Of all genres within academic writing, it is the research article (RA) that has attracted the most attention as the primary channel for presenting claims of new knowledge (Hewings, 2001, p. 12). Moreover, despite competing electronic publishing alternatives such as websites, the research article continues to be “the pre-eminent genre of the academy” and “the principal site of disciplinary knowledge-making” (Hyland, 2009, p. 67) and what Montgomery (1996, p. 2) describes as the “master narrative” of our time. One reason for this prominence can be the worth given to the highly regarded peer-review procedure as a controlling and regulating system for transforming thoughts into knowledge (Hyland, 2009, p. 68) as authors try to “have their arguments become part of the disciplinary consensus where new findings” are contextualized within the framework of the previously published literature which efficiently displays a current status of the existing consensus (Hewings, 2001, p. 12). Another reason is the prestige ascribed to a genre which creates a means for a scientific generation of facts as more academics around the world are required to “publish in high-impact, peer-reviewed journals as a requirement for promotion and career development” (Hyland, 2009, p.67), a point also acknowledged by other scholars (e.g., Hartley, 2008; Swales, 1990).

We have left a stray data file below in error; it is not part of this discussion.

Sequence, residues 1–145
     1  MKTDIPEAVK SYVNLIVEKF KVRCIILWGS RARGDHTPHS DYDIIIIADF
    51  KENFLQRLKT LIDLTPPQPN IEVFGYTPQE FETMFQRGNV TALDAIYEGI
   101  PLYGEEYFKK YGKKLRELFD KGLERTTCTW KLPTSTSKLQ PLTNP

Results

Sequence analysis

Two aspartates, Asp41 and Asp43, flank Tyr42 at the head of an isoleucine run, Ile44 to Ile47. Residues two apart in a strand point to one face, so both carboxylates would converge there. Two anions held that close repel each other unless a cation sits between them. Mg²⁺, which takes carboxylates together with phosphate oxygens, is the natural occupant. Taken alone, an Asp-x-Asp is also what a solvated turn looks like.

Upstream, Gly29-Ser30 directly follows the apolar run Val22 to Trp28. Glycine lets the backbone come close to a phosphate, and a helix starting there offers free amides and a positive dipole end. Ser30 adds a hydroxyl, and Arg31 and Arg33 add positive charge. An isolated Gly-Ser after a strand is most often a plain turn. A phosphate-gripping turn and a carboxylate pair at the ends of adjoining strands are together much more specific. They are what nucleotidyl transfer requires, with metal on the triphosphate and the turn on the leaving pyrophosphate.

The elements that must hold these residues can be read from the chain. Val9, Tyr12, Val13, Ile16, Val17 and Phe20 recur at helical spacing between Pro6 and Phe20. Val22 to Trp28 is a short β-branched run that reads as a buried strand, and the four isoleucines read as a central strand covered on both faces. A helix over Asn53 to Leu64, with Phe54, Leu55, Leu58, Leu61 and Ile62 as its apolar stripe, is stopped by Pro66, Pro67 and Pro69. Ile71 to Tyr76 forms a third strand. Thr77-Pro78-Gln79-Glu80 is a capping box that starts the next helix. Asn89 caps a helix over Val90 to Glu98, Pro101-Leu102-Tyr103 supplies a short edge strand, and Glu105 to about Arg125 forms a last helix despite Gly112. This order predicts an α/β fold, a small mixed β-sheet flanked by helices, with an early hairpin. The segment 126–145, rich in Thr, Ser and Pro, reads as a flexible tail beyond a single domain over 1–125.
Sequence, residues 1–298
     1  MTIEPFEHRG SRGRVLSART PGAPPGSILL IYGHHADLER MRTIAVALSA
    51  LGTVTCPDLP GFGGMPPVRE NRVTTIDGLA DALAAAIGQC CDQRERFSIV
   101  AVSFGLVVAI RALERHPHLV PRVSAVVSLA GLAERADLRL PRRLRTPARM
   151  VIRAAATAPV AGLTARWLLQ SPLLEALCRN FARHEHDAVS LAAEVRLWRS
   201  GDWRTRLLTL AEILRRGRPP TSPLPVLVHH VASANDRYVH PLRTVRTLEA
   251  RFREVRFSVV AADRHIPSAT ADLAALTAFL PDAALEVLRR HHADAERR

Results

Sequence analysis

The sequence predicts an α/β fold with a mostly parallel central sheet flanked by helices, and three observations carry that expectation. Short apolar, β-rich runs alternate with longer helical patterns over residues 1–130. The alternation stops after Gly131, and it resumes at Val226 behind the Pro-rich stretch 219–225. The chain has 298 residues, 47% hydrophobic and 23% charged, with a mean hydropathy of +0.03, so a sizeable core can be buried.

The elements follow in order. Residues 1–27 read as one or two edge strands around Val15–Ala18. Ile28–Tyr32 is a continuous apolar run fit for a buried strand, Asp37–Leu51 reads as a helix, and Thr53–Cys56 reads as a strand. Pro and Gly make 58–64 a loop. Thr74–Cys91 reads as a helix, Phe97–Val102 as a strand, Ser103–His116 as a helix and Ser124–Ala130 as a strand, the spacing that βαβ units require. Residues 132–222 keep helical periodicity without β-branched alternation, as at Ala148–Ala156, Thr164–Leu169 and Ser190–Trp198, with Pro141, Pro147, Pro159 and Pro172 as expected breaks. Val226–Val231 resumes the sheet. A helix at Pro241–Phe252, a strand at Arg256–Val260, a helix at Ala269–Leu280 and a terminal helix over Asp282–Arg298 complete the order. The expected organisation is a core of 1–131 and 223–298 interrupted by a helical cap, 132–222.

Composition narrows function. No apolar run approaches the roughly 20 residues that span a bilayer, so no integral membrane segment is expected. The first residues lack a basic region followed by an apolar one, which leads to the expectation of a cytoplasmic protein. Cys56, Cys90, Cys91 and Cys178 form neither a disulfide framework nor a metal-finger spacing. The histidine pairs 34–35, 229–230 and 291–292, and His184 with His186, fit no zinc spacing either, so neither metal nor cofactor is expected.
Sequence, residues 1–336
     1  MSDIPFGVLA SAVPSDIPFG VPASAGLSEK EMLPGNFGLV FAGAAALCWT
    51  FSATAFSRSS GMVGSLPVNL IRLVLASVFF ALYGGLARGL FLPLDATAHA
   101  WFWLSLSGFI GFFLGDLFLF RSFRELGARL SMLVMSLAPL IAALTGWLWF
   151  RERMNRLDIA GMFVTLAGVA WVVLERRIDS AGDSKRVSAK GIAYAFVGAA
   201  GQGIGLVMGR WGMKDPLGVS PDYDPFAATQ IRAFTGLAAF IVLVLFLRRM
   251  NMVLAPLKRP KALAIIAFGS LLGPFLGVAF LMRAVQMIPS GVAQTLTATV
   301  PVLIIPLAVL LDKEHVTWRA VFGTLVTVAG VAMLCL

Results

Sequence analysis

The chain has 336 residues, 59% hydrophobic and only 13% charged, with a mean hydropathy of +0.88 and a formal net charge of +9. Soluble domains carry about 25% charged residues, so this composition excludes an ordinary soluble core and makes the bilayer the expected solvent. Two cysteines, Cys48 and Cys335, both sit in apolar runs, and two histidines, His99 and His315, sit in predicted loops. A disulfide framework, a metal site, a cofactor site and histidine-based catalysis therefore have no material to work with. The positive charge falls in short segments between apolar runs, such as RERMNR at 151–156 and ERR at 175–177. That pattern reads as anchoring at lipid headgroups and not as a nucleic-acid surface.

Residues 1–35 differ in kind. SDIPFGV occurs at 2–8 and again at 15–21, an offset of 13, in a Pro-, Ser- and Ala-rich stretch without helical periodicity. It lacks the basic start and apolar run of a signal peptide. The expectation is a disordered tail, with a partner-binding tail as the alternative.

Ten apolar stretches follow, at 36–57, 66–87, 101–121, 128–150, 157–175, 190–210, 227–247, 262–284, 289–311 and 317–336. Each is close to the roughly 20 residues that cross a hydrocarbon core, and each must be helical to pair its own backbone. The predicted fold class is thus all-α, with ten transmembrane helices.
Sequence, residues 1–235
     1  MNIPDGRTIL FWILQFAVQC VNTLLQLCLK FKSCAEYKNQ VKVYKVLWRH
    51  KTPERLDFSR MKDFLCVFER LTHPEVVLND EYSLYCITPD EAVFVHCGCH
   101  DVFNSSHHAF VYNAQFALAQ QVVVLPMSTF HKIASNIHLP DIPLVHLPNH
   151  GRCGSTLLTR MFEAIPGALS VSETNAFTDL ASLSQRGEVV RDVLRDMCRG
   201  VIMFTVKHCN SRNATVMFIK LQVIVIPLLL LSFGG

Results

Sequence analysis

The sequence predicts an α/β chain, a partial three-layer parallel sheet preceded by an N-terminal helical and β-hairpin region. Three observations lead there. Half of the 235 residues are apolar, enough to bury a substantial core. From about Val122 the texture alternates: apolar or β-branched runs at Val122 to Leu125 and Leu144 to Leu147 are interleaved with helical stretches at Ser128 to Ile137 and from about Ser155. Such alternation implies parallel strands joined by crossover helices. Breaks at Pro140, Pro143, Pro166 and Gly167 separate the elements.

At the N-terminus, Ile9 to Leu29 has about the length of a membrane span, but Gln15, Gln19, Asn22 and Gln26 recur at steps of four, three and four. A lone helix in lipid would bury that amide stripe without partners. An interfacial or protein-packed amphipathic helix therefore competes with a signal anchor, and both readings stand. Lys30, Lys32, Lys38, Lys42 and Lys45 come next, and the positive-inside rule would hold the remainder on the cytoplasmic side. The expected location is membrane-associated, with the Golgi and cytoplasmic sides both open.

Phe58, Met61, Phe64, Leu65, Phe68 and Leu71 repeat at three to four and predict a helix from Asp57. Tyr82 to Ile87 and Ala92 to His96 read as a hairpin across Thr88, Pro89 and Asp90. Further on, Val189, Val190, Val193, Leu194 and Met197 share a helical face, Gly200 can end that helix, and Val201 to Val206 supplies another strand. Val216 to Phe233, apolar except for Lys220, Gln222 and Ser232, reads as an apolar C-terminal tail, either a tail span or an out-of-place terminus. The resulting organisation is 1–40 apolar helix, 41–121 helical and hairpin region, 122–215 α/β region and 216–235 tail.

English Native Editing

English academic journals have very high language publication standards. While native researchers might be able to match these criteria, non-native researchers and scholars can use native editing services to improve their research article’s language quality to meet the standards of the high-impact English academic journals. These services are offered by websites such as Enago or Editage; however, if you are an Iranian scholar, you can use Lingaline for English native editing services and also receive a certificate to prove that your manuscript was edited by an experienced native American/Canadian editor.



Bruce, I. (2008). Academic writing and genre: A systematic analysis. New York, NY: Continuum International Publishing Group.

Hartley, J. (2008). Academic writing and publishing: A practical handbook. New York: Taylor & Francis.

Hewings, M. (2001). Academic writing in context: Implications and applications: Papers in honour of Tony Dudley-Evans. Birmingham: University of Birmingham Press.

Hyland, K. (2009). Corpus informed discourse analysis: The case of academic engagement. In M. Charles, D. Pecorari, & S. Hunstan (Eds.), Academic writing: At the interface of corpus and discourse (pp. 110–128). New York: Continuum International Publishing Group.

McKinley, J., & Rose, H. (2018). Conceptualizations of language errors, standards, norms and nativeness in English for research publication purposes: An analysis of journal submission guidelines. Journal of Second Language Writing 42, 1-11.

Montgomery, S. (1996). The scientific voice. New York: The Guildford Press.

Swales, J. (1990). Genre analysis: English in academic and research settings. New York: Cambridge University Press.